The Meaning of Keri by Jonathan Gardner


In this week’s Parashah, the word “Keri” appears throughout the Tochachah (rebuke).  The Tochachah found in Parashat BeChukotai is a series of blessings that will befall the Jewish people if they walk in the ways of the Torah “Im BeChukotai Teleichu,” “If you walk in my statutes” (VaYikra 26:3), or curses if they unfortunately abandon the Torah “VeIm BeChukotai Timasu,” “If you abandon my statutes” (26:15).  In the context of these horrible curses the word Keri appears again and again.  In one instance the Torah states “VeIm Teilchu Imi Keri VeLo Tovu LiShemoa Li VeYasafti Aleichem Makkah Sheva KeChatoteichem,” “If you walk with Me Keri and refuse to heed Me then I shall lay a further blow upon you seven ways like your sins” (23:21). Later the Torah writes, “VeIm BeEileh Lo Tivaseru Li VaHalachitem Imi Keri.  VeHalachti Af Ani Imachem BeKeri VeHiKati Etchem Gam Ani Sheva Al Chatoteichem” “And if despite this you will not heed me, and you will walk with me with Keri.  And even I will walk with you with Keri, and I will strike you, even I, seven ways for your sin” (26:23-24).  Keri, a seemingly key ingredient of the Tochachah, is very difficult to define.

Rashi presents two different interpretations of the word Keri. First, he defines it as “Arai” (temporary); in other words, someone who walks “Keri” has no permanent commitment to Mitzvot, but rather, an erratic relationship with Hashem. Then Rashi quotes Menachem, who says that Keri is a Lashon Minayah “Shemakshim Libam Lihamneia MeiHitKarov Eilai” “They harden their hearts to prevent coming close to Hashem” (Rashi 26:21). According to Menachem a Keri personality might go through the motions of religion but never seeks to deepen a relationship with Hashem.

Rashbam, dissatisfied with Menachem’s explanation, explains that Keri is similar to the Pasuk in Parashat Balak: “VeAnochi Ikara Ko” “I will be happened upon here” (BeMidbar23:15).  In that Pasuk, Bilam says to Balak that Hashem will randomly speak to him in an irregular fashion. Similarly Keri means one whose relationship with Hashem is occasional, typified by the like example of a person who sometimes chooses to walk with Hashem, but other times decides not to. According to the Rashbam, a Jew who acts with Keri lacks the consistency required of a true Eved Hashem, servant of Hashem.  We must commit ourselves to always serve Hashem, not just when we feel like it or when it is convenient for us.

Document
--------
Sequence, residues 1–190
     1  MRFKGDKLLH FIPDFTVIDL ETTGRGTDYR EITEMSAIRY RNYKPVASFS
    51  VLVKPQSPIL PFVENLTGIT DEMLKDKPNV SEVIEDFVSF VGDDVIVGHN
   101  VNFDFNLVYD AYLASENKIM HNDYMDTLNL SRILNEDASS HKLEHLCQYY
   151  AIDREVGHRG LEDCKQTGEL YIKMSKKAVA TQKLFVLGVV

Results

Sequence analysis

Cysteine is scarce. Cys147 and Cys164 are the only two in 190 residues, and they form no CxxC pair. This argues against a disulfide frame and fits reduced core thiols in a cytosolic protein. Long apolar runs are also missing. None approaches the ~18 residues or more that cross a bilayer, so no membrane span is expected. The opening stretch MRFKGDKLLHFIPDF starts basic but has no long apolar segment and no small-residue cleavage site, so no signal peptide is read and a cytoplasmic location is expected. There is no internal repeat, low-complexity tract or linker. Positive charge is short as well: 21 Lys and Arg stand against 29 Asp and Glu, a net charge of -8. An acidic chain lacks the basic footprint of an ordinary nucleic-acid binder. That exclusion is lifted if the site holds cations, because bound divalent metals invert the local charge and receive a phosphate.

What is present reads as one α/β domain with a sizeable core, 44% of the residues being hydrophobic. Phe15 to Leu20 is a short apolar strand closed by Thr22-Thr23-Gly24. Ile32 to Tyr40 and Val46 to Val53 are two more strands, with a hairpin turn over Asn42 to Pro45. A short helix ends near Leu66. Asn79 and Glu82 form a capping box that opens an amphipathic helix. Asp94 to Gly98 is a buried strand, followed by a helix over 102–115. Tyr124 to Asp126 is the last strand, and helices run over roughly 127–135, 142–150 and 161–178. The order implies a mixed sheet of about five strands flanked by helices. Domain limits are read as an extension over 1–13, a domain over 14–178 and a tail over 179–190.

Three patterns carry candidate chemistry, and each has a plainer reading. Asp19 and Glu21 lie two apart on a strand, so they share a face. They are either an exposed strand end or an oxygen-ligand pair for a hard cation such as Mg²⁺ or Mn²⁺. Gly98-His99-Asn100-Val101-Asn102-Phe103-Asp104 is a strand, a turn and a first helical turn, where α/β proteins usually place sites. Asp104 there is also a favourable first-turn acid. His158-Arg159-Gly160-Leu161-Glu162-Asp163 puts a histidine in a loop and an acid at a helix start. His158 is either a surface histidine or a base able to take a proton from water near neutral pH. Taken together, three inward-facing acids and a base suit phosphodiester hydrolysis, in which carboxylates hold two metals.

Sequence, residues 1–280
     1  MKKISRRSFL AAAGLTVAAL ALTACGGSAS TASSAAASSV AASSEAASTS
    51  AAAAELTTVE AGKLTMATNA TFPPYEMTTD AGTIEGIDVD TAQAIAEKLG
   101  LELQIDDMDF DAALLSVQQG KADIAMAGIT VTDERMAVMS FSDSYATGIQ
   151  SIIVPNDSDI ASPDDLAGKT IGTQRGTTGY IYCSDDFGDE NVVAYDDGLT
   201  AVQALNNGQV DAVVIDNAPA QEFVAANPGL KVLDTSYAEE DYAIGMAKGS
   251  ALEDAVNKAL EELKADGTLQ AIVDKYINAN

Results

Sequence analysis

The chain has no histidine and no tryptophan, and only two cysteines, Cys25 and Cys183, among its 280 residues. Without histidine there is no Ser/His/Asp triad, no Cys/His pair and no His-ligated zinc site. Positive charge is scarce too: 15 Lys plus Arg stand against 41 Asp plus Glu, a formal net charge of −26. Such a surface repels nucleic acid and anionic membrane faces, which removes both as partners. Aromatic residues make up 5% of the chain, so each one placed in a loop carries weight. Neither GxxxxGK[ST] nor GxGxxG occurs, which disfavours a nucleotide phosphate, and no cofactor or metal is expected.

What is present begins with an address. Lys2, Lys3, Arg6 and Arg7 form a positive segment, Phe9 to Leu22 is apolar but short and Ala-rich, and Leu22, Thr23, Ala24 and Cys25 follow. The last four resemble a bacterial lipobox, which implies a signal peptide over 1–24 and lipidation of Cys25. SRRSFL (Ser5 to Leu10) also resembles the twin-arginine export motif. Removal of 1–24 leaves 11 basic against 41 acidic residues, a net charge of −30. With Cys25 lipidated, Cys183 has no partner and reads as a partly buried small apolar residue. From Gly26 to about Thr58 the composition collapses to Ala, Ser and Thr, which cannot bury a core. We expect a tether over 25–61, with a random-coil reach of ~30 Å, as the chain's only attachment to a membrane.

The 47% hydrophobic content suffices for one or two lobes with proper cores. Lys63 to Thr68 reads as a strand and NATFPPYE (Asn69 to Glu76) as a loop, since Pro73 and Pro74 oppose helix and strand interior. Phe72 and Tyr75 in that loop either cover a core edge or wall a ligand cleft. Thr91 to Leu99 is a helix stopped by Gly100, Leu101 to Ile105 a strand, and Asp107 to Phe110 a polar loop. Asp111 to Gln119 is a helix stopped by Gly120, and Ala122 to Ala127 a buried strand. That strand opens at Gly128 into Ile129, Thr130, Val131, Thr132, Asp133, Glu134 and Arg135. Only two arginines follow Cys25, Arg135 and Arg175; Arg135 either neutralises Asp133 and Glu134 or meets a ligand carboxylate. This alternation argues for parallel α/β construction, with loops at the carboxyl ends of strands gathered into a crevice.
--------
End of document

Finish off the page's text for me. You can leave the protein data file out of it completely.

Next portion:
Ibn Ezra offers a fourth explanation.  He defines Keri as “Gevurah” (strength), in other words, one who acts with Keri is someone who strengthens his heart and never fears anything or anyone, including Hashem.  Because this person is not intimidated by anything, he ignores the messages Hashem sends him.  So, Hashem responds by hardening his heart against that person.  

It seems that as we get older and become more devoted Bnei Torah it is crucial that we rid ourselves of any Keri that would damage our Avodat Hashem (service of Hashem).  To accomplish this, we must determine that our involvement in Mitzvot will not be casual, but intense (as Rashi explained).  Furthermore, we cannot harden our hearts, but must seek a close relationship with Hashem (as Menachem elucidated).  In addition, we must serve Hashem with regularity and not whenever we feel like it (as Rashbam taught). Finally, we must never feel invulnerable, but must always seek Hashem’s protection (as Ibn Ezra described).

Teshuvah Through Change by Josh Michael

The Importance of the Two Tochachot by Yakir Forman